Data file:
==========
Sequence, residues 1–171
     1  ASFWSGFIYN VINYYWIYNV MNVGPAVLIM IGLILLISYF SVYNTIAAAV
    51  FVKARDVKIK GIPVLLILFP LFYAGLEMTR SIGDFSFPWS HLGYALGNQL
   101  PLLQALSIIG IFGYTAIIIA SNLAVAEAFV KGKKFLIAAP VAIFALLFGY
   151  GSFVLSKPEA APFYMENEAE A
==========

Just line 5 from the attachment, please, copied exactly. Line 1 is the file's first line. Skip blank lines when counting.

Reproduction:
   151  GSFVLSKPEA APFYMENEAE A